The Next North Sea?
US energy policy seems to lack a fundamental vision for what our federal energy funding should be buying us. I suggest that the goal should be to expand our energy options to keep our reliance on hydrocarbons from the Middle East from growing much further than it has. When we experienced our first energy crisis in the 1970s, this goal seemed clear. We lost sight of it when new non-OPEC supplies, from places like Alaska, the North Sea, the Gulf of Mexico and West Africa bailed us out. But we should have always seen that the bailout was only temporary.
Now the North Slope is deep in decline, producing less than half what it did in 1988. The North Sea is entering decline, and Gulf of Mexico production is only propped up by new deepwater technology. Today it's Russia and the Caspian Sea region that appear as the bright hopes for keeping OPEC at bay for the next 20 years or so. But sooner or later the geological fact of the heavy concentration of oil reserves in the Middle East will become destiny, and there won't be another North Sea or Caspian waiting in the wings.
So let's not waste the next two decades that Russia and the Caspian can give us. It will take that long to make the transition to ways to produce and use energy that will make us less dependent, whether it's hydrogen, renewables (not alcohol--see Monday's post) or something more exotic.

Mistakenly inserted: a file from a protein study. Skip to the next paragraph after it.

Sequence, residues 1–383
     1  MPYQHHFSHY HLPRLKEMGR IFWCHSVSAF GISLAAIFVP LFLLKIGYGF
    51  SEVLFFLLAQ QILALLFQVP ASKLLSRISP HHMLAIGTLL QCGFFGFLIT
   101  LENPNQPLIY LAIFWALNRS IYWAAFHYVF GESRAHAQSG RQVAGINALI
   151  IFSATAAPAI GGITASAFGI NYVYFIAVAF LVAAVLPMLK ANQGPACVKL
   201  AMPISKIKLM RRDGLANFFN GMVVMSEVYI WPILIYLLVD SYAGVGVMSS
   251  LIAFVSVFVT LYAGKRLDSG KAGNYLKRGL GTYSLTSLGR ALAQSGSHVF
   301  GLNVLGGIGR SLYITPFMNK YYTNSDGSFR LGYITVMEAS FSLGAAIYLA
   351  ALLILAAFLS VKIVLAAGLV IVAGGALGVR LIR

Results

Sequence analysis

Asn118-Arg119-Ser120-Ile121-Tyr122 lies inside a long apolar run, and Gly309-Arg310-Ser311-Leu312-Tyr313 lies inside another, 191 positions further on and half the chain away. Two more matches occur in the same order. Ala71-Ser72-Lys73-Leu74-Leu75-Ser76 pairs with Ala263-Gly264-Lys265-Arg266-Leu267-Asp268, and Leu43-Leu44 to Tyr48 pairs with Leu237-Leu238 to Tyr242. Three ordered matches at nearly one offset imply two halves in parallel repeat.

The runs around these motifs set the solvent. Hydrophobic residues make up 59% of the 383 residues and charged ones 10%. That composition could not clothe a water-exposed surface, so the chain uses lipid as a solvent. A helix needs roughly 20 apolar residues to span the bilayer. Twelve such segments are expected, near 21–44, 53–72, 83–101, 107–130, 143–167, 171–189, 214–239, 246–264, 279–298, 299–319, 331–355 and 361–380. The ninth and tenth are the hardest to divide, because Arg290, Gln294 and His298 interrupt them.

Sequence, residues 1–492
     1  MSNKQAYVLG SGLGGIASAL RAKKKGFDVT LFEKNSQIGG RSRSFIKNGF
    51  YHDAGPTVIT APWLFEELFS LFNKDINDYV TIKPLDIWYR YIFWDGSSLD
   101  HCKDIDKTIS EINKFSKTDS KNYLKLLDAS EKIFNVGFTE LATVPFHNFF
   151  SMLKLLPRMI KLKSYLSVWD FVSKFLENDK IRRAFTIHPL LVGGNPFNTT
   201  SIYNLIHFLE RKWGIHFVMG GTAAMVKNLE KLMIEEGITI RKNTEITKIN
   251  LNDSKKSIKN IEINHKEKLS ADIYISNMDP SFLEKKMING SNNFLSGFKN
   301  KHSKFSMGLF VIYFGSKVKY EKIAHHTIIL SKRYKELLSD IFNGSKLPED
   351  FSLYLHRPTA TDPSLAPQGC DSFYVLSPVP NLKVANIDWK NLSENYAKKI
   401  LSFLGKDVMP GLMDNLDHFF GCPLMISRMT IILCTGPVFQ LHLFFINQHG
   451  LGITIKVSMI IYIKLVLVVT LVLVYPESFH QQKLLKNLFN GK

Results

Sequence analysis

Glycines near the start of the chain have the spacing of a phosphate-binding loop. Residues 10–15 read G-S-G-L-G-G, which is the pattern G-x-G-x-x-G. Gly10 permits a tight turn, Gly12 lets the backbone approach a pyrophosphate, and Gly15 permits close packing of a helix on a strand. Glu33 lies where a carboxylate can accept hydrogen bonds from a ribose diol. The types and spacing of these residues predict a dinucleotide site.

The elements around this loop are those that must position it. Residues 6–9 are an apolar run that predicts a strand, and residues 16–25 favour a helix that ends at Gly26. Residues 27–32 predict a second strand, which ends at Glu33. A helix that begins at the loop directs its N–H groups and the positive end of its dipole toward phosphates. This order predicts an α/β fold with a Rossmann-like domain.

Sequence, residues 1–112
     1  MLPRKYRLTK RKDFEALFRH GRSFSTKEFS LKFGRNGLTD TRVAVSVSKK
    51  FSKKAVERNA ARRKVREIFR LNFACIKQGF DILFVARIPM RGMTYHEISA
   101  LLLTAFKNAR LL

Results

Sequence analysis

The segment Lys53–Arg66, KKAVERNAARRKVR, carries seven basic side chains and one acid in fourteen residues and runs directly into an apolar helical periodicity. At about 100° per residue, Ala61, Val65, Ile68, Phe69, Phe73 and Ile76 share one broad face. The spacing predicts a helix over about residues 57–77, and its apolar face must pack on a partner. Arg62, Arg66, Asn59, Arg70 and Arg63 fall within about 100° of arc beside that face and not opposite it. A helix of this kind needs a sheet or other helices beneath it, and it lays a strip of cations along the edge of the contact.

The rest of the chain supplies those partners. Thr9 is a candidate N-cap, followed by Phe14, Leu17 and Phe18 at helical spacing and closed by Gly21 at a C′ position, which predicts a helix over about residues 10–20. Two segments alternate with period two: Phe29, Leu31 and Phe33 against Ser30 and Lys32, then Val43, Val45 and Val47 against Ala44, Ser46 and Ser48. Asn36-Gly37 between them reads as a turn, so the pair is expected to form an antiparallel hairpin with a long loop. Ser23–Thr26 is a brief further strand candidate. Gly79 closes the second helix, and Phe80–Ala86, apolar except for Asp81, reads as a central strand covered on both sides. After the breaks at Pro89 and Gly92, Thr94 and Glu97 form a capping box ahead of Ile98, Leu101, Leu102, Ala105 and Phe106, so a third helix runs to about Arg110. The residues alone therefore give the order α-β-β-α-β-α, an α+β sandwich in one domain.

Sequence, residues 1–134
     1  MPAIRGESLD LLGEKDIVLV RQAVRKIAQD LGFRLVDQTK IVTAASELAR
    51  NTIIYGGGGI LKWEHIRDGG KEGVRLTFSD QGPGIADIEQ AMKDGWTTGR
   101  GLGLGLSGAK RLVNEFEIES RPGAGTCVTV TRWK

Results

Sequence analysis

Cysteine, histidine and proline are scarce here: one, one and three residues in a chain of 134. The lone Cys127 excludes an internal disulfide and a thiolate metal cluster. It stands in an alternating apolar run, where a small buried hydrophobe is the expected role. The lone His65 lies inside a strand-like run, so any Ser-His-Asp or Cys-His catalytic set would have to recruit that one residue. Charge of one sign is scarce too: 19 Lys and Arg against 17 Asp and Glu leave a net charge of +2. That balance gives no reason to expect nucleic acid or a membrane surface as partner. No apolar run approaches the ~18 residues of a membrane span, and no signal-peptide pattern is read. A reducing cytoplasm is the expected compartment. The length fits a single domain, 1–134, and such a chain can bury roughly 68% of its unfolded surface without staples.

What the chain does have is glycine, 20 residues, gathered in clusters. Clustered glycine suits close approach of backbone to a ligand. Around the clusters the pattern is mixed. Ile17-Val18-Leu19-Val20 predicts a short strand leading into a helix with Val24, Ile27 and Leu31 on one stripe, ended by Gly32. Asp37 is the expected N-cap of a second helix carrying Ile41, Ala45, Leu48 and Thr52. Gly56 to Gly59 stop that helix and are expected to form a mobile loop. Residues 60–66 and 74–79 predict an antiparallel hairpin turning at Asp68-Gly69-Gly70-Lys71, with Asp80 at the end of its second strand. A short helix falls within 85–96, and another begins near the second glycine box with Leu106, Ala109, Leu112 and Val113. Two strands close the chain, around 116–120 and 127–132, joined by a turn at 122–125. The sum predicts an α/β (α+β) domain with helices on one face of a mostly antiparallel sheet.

But we can't just rely on foreign producers to limit the power of OPEC; we need to slow the decline of our own production, to preserve some leverage in the oil markets. It won't be easy. We have to begin with the inescapable truth that the US--at least the "lower 48"--is the most heavily explored and produced petroleum region in the world. Since Col. Drake's first well in PA in 1857, we have produced 80-90% of the oil that current technology can exploit. That amounts to about 200 billion barrels of oil, putting the US in a very exclusive club indeed; we were the world's Saudi Arabia before oil was ever found in the Kingdom.
While those days are past, it is hardly pointless--as some suggest--to try to find more oil here and to bring on production from areas currently off limits (e.g. offshore Florida.) Despite great improvements in oilfield technology, we still need new volumes to offset the severe decline from oilfields that have been producing for 20 or 30 years. Lifting environmental and land use restrictions on access to such reserves could also be linked directly to more funding for alternatives to oil, or to higher efficiency standards for cars.
The biggest challenge to slowing the decline of US oil production is that the oil industry sees much more attractive opportunities elsewhere, and has shed thousands of excellent jobs in the US in pursuit of a major geographical realignment of focus. Just watch the excitement Libya will generate once we drop sanctions.
Can we make investment in smaller, riskier US oil opportunities attractive, again? Tax breaks, accelerated depreciation, environmental offsets, and a host of other low-cost options could help enormously, but all would require a revised "sniff test" concerning "corporate welfare." That won't be easy in the current political climate, but the results could be extremely helpful while we wait for the Hydrogen Economy.